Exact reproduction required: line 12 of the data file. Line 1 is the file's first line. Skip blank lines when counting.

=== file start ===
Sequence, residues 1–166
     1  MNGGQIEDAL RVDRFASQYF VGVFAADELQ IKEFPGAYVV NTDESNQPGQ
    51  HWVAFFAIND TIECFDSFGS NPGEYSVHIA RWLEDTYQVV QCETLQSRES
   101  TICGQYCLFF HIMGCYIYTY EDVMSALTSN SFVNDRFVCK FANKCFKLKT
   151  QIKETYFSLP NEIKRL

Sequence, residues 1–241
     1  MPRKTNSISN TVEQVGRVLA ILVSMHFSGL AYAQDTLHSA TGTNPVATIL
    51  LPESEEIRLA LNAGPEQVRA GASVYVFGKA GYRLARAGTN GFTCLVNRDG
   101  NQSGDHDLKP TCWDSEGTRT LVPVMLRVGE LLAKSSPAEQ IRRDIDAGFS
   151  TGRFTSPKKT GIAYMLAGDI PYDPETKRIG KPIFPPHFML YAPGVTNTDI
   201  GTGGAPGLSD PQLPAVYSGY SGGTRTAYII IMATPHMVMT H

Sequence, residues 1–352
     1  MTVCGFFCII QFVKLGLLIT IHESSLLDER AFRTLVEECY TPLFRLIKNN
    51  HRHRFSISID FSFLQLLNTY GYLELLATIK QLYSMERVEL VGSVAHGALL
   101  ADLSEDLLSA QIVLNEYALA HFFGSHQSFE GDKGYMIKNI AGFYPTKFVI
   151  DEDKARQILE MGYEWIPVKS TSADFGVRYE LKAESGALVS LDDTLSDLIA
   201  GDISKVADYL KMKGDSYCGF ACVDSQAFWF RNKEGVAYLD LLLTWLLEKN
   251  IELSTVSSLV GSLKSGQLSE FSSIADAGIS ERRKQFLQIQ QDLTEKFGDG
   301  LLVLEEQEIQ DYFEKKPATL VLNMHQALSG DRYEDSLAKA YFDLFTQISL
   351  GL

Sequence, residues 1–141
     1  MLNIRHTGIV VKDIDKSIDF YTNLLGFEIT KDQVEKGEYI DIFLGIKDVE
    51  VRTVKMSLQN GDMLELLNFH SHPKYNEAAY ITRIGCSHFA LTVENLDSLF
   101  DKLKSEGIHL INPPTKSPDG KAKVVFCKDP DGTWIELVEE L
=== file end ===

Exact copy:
Sequence, residues 1–352